22. The Zookeeper's Wife by Diane Ackerman
Overview: When Germany invaded Poland, Stuka bombers devastated Warsaw and the city's zoo along with it. With most of their animals dead, zookeepers Jan and Antonina Zabinski began smuggling Jews into empty cages. Another dozen "guests" hid inside the Zabinskis' villa, emerging after dark for dinner, socializing, and, during rare moments of calm, piano concerts. Jan, active in the polish resistance, kept ammunition buried in the elephant enclosure and stashed explosives in the animal hospital. Meanwhile, Antonina kept her unusual household afloat, caring for both its human and its animal inhabitants otters, a badger, hyena pups, lynxes. With her exuberant prose and exquisite sensitivity to the natural world, Diane Ackerman engages us viscerally in the lives of the zoo animals, their keepers, and their hidden visitors. She shows us how Antonina refused to give in to the penetrating fear of discovery, keeping alive an atmosphere of play and innocence even as Europe crumbled around her.
23. The Paying Guests by Sarah Waters
Overview: It is 1922, and London is tense. Ex-servicemen are disillusioned; the out-of-work and the hungry are demanding change. And in South London, in a genteel Camberwell villa—a large, silent house now bereft of brothers, husband, and even servants—life is about to be transformed as impoverished widow Mrs. Wray and her spinster daughter, Frances, are obliged to take in lodgers.
With the arrival of Lilian and Leonard Barber, a modern young couple of the “clerk class,” the routines of the house will be shaken up in unexpected ways. Little do the Wrays know just how profoundly their new tenants will alter the course of Frances’s life—or, as passions mount and frustration gathers, how far-reaching, and how devastating, the disturbances will be.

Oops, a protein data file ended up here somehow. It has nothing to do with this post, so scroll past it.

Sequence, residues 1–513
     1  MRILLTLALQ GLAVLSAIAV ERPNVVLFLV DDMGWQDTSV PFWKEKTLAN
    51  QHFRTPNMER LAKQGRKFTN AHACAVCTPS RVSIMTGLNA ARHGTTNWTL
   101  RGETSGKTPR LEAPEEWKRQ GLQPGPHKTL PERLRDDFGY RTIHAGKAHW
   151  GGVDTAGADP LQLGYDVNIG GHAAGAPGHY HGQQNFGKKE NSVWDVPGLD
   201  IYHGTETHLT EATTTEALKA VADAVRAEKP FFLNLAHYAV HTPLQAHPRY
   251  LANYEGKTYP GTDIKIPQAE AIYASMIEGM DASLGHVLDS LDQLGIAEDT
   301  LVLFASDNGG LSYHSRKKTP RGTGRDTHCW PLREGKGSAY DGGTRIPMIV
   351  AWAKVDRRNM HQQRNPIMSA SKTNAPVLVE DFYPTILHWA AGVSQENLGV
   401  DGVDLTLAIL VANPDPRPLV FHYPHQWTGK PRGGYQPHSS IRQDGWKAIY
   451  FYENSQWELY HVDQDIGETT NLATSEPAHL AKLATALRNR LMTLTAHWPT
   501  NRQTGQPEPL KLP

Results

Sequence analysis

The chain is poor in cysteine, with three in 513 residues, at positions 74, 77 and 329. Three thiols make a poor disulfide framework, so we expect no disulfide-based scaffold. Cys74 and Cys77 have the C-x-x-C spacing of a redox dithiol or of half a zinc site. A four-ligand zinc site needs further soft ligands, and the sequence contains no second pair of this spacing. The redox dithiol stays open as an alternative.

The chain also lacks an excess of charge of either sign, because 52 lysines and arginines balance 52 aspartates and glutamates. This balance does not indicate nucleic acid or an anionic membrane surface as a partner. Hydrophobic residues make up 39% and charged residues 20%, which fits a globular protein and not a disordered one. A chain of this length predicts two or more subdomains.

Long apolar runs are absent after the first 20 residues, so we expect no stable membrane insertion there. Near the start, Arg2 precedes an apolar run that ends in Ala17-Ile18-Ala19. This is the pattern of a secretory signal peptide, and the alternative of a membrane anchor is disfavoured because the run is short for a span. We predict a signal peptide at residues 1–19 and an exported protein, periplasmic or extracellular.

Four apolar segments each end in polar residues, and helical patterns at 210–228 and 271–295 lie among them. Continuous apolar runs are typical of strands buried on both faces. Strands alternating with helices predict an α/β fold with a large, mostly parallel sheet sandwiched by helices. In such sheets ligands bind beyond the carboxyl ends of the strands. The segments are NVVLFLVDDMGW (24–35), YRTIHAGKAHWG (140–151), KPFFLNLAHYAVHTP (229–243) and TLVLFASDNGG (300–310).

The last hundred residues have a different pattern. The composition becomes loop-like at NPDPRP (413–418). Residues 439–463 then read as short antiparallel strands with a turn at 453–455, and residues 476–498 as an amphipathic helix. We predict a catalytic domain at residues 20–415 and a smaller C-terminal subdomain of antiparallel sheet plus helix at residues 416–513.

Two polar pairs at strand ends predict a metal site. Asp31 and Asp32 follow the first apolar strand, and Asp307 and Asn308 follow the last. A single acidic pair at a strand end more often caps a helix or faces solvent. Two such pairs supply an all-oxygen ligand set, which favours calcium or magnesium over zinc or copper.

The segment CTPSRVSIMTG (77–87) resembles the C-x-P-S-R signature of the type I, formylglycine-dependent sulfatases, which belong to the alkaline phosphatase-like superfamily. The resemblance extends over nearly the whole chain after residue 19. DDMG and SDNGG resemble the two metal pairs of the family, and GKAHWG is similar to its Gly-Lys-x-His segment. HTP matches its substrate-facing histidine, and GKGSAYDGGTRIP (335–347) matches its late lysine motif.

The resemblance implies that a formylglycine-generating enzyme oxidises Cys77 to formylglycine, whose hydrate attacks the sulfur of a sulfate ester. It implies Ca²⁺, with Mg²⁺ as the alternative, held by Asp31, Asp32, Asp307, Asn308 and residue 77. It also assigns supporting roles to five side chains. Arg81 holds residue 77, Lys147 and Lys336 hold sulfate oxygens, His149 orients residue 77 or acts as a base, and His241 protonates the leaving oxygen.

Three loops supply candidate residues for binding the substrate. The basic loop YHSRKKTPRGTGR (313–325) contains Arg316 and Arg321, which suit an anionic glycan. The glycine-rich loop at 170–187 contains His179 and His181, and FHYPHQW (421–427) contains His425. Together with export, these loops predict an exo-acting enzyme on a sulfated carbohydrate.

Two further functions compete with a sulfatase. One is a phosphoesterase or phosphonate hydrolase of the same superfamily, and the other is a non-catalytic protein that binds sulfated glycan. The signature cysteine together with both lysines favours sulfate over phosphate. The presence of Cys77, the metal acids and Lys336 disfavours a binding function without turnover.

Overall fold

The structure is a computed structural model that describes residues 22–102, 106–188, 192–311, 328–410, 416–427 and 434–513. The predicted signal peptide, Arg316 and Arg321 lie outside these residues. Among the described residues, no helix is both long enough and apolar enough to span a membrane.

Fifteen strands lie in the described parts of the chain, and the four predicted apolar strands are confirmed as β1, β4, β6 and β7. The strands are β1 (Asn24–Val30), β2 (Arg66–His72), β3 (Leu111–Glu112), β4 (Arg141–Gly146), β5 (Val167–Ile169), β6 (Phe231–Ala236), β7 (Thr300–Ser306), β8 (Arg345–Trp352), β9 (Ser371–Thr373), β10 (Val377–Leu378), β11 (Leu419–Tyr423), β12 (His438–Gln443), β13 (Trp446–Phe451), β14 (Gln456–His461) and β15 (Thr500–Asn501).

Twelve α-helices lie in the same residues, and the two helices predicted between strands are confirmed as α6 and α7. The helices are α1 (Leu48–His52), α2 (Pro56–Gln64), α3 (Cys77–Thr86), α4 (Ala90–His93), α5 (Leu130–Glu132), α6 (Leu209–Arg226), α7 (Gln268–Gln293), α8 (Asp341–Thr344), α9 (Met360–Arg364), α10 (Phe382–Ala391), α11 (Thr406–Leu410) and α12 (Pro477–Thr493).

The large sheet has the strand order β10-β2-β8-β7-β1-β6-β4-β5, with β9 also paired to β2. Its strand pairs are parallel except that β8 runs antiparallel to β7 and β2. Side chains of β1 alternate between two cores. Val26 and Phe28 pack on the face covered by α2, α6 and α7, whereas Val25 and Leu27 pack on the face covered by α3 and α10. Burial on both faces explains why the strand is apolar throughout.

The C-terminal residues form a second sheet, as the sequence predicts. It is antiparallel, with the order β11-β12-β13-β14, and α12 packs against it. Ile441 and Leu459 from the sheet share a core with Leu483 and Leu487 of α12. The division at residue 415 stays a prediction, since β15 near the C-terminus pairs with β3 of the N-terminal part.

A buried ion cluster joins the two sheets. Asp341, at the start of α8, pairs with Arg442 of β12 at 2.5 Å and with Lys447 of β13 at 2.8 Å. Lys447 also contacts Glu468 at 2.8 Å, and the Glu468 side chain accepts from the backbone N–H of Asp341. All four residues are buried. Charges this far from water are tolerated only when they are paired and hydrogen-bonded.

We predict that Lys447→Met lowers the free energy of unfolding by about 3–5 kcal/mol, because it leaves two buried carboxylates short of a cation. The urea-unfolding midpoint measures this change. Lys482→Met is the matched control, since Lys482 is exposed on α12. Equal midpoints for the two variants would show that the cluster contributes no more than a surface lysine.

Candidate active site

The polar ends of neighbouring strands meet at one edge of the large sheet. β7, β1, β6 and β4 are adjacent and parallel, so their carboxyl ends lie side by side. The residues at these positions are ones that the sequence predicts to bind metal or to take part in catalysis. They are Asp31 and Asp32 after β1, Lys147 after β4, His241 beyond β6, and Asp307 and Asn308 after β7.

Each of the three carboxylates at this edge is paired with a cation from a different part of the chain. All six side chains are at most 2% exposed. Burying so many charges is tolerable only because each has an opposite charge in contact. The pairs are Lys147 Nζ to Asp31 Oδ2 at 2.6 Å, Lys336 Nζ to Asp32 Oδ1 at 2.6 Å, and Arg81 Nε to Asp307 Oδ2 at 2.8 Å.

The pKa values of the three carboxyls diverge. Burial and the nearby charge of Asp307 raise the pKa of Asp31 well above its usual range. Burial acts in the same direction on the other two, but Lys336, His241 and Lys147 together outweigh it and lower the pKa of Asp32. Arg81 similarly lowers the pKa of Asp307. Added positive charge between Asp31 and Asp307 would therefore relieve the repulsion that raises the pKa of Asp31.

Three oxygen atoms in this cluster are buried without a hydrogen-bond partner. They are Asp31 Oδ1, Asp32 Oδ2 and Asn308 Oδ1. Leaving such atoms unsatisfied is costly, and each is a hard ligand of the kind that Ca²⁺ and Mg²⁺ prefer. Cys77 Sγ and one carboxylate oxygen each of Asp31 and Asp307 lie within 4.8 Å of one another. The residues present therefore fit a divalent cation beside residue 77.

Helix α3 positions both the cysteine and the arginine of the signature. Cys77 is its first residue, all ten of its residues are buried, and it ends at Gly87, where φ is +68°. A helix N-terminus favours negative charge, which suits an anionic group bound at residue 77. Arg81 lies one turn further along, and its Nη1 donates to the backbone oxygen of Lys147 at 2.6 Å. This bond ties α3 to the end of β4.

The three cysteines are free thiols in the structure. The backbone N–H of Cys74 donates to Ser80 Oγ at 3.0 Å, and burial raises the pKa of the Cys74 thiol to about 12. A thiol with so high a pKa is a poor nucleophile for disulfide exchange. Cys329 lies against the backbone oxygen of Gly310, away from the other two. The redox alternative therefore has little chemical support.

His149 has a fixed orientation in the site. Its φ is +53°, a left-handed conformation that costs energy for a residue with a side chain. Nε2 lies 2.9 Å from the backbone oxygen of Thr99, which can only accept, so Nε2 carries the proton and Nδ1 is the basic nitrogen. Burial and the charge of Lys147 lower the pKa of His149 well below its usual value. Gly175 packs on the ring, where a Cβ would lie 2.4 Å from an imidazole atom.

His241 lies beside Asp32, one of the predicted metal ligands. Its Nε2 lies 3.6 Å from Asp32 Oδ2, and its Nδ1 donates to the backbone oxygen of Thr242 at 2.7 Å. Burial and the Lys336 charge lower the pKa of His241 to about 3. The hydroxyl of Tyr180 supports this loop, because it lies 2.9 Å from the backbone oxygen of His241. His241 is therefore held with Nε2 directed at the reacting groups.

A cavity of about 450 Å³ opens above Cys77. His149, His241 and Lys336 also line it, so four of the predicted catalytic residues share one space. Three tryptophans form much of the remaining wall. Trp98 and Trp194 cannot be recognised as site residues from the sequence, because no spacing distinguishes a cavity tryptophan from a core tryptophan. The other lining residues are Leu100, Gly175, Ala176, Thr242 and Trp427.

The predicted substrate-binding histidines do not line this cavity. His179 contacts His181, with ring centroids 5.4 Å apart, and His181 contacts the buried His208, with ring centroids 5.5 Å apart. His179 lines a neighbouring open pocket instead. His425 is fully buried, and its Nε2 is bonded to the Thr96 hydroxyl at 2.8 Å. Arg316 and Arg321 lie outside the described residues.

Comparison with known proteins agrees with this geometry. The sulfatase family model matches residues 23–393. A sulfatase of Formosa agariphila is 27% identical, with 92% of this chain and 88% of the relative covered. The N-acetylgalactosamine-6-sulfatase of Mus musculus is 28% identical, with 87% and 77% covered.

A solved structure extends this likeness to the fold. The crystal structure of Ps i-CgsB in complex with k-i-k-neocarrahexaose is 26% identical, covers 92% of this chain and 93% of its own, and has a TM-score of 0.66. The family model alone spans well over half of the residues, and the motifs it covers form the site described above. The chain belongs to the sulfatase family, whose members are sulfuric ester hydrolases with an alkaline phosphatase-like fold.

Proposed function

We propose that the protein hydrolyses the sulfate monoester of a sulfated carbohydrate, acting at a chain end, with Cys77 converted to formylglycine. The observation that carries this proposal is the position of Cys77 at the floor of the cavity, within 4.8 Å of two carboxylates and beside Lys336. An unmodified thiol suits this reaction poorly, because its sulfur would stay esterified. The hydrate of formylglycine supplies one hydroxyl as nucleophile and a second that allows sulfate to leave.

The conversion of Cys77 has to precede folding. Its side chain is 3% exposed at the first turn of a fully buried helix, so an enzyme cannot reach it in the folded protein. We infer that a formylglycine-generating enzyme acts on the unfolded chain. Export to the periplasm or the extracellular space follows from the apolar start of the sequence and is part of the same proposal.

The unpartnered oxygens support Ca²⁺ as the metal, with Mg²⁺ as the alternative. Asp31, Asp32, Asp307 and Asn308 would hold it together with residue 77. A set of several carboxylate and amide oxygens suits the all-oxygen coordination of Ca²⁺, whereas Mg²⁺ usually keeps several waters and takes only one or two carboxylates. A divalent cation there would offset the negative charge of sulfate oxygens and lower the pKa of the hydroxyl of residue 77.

24. A Hundred Summers by Beatriz Williams
Overview: Lily Dane has returned to Seaview, Rhode Island, where her family has summered for generations. It’s an escape not only from New York’s social scene but from a heartbreak that still haunts her. Here, among the seaside community that has embraced her since childhood, she finds comfort in the familiar rituals of summer.
But this summer is different. Budgie and Nick Greenwald—Lily’s former best friend and former fiancé—have arrived, too, and Seaview’s elite are abuzz. Under Budgie’s glamorous influence, Lily is seduced into a complicated web of renewed friendship and dangerous longing.
As a cataclysmic hurricane churns north through the Atlantic, and uneasy secrets slowly reveal themselves, Lily and Nick must confront an emotional storm that will change their worlds forever…
25. The Good Girl by Mary Kubica
Overview: "I've been following her for the past few days. I know where she buys her groceries, where she has her dry cleaning done, where she works. I don't know the color of her eyes or what they look like when she's scared. But I will."
Born to a prominent Chicago judge and his stifled socialite wife, Mia Dennett moves against the grain as a young inner-city art teacher. One night, Mia enters a bar to meet her on-again, off-again boyfriend. But when he doesn't show, she unwisely leaves with an enigmatic stranger. With his smooth moves and modest wit, at first Colin Thatcher seems like a safe one-night stand. But following Colin home will turn out to be the worst mistake of Mia's life.
Colin's job was to abduct Mia as part of a wild extortion plot and deliver her to his employers. But the plan takes an unexpected turn when Colin suddenly decides to hide Mia in a secluded cabin in rural Minnesota, evading the police and his deadly superiors. Mia's mother, Eve, and detective Gabe Hoffman will stop at nothing to find them, but no one could have predicted the emotional entanglements that eventually cause this family's world to shatter. An addictively suspenseful and tautly written thriller, "The Good Girl" is a propulsive debut that reveals how even in the perfect family, nothing is as it seems....